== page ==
The Director of Malta’s International Institute on Ageing said the Madrid Assembly had highlighted the need to ensure an integrated approach to strategies for ageing in the framework of overall sustainable development, noting that two thirds of all older persons –- some 375 million people worldwide -– lived in developing countries. Indeed, ageing and urbanization were the two major demographic trends in developing and transitional countries today. Foremost among the challenges facing the international community was supporting older persons as they sought to integrate into society.
At the same time, it was important to avoid inter-generational stress and “ageism” sparked by fears of dwindling health-care funds and services, he said. Everyone must also work to ensure that older persons were not seen as passive and helpless, but rather as valuable resources that could benefit society as a whole. In order to reach that goal, it was critically important to implement all relevant international agreements and development initiatives on behalf of the world’s elderly.
Another expert said older people all over the world needed enough money to live on, as well as health and freedom to continue doing what they valued in an environment free of discrimination. A concerted effort was needed to ensure health maintenance and chronic disease management, to prevent disabilities and introduce community-based long-term care. The main challenges for geriatric health services included health-care coverage, lack of trained providers and the shortage of information about ageing and health access for the elderly.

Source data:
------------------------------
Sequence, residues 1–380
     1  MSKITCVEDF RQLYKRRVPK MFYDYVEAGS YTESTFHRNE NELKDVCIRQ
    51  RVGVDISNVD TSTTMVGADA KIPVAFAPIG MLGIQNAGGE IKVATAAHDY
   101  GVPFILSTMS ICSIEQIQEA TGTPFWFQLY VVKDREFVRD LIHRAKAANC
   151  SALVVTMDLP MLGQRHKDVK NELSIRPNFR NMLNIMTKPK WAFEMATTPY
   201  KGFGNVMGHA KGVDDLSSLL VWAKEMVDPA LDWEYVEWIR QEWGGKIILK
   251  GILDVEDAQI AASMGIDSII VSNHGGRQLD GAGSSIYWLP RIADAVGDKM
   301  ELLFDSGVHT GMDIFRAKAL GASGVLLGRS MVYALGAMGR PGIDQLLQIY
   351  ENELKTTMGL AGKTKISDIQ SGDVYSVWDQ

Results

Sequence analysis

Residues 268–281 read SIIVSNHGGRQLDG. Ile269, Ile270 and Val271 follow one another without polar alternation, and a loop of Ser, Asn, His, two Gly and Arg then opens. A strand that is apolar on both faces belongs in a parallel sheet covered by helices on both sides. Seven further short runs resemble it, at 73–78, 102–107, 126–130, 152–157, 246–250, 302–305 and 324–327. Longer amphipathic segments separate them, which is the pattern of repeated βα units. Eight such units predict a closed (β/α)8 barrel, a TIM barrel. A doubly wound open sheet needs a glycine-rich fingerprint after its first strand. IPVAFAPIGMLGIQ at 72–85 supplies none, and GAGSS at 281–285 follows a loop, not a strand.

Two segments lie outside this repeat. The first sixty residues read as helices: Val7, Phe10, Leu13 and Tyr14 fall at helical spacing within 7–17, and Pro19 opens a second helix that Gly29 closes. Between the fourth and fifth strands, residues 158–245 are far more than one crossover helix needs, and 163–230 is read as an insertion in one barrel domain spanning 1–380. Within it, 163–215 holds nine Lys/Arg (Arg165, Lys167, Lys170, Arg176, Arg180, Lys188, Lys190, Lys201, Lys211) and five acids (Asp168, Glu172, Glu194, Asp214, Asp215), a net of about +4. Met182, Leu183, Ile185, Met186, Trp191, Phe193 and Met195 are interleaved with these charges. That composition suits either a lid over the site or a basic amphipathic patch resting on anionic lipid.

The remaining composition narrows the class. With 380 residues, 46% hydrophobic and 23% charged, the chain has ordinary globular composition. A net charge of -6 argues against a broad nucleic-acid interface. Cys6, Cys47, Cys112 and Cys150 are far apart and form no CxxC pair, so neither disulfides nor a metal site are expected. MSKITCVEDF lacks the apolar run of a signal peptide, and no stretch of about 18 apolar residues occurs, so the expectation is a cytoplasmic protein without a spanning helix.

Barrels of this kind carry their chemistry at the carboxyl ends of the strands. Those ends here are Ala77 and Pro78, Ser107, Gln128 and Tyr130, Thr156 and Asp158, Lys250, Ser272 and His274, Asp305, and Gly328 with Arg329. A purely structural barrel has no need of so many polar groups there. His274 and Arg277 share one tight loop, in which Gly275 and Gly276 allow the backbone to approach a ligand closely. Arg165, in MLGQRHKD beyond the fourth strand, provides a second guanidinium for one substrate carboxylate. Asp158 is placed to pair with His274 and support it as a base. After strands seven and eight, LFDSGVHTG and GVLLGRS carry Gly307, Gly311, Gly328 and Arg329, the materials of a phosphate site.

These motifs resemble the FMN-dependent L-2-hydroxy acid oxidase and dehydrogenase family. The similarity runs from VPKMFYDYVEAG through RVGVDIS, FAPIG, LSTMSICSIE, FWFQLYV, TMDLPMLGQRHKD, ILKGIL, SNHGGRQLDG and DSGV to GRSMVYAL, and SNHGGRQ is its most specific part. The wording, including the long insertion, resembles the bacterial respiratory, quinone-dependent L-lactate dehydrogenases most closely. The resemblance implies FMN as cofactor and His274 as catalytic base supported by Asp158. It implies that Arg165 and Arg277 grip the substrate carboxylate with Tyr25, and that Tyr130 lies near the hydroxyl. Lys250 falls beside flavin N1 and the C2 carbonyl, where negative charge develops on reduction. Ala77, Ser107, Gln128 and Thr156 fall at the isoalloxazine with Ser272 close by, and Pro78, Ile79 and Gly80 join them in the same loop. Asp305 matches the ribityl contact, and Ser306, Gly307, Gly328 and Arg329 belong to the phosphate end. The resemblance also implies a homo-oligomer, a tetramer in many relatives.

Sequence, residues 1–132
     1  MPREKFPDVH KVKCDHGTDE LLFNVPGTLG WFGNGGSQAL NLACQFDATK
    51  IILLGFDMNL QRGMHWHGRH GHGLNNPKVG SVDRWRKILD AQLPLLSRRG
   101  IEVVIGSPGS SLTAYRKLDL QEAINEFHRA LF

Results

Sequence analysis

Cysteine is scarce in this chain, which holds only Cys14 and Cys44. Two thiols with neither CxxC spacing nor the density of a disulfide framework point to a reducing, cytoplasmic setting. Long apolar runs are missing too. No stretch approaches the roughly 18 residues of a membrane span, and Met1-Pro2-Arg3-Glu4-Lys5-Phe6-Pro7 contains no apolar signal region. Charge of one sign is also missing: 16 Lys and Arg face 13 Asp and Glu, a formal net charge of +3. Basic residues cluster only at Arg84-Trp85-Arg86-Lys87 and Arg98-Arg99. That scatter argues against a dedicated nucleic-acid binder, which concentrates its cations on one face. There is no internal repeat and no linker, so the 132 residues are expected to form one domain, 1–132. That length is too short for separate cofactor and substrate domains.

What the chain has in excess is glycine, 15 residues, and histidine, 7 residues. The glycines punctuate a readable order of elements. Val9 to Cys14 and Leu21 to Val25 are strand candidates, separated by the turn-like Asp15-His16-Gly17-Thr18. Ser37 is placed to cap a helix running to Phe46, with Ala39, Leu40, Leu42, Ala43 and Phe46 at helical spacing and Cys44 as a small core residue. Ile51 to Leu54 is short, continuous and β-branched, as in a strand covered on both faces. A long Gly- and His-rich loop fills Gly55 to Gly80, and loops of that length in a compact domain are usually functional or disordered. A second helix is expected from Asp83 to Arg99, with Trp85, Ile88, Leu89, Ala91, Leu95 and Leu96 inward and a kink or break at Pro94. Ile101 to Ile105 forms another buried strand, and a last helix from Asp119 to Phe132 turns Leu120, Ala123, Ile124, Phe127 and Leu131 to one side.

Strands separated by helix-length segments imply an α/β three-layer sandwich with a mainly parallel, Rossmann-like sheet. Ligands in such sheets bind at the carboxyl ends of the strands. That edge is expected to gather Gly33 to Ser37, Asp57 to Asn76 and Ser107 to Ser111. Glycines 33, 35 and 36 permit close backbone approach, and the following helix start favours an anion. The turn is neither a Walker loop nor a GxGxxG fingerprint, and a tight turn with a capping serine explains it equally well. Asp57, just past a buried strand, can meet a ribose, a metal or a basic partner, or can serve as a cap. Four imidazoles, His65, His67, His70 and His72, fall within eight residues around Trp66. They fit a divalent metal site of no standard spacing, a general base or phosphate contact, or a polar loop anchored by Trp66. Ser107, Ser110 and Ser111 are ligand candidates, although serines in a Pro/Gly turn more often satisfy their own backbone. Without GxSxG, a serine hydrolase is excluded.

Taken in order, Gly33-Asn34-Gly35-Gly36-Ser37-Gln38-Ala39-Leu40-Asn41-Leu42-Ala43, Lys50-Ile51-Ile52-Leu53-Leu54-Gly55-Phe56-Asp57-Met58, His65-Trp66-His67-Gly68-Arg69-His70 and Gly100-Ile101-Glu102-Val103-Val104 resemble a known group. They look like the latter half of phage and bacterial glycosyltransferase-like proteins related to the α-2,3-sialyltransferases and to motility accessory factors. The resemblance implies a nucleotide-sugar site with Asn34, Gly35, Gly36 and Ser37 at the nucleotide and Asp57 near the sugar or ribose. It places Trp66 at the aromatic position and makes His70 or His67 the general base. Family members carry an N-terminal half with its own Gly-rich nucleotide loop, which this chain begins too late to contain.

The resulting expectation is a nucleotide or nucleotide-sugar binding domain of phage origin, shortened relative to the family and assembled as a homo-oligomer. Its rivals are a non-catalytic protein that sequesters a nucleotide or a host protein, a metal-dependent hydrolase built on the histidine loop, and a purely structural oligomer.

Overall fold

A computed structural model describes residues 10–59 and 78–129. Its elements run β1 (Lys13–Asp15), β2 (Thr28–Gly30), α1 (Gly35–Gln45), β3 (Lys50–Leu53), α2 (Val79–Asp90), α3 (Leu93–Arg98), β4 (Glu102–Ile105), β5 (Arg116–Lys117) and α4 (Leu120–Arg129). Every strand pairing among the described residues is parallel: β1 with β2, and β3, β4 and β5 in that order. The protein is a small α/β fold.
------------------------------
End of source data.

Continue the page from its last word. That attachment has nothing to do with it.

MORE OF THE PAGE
The President and CEO of the Singapore-based Tsao Foundation -- a regionally-oriented non-profit organization dedicated to caring for the aged and other ageing-related issues -- spoke about the creation of enabling and supportive environments, suggesting a number of innovative options, including the provision of social pensions, engaging seniors’ groups with Government organizations, and expanded home care and caregiver support for disabled older people.
Participants in the panel discussion and speakers in the general debate reaffirmed their commitment to the Madrid International Plan of Action, the World Programme of Action concerning Disabled Persons and the World Programme of Action for Youth as they shared their national and regional experiences in implementing those instruments.